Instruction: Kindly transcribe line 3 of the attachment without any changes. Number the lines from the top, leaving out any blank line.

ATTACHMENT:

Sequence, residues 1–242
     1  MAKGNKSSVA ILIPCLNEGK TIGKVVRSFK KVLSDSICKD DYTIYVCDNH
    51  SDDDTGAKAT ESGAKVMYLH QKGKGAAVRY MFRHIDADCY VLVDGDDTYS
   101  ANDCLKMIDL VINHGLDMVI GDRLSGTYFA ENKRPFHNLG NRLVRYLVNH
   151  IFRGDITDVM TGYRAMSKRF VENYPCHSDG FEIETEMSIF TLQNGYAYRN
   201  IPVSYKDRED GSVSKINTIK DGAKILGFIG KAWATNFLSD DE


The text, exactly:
    51  SDDDTGAKAT ESGAKVMYLH QKGKGAAVRY MFRHIDADCY VLVDGDDTYS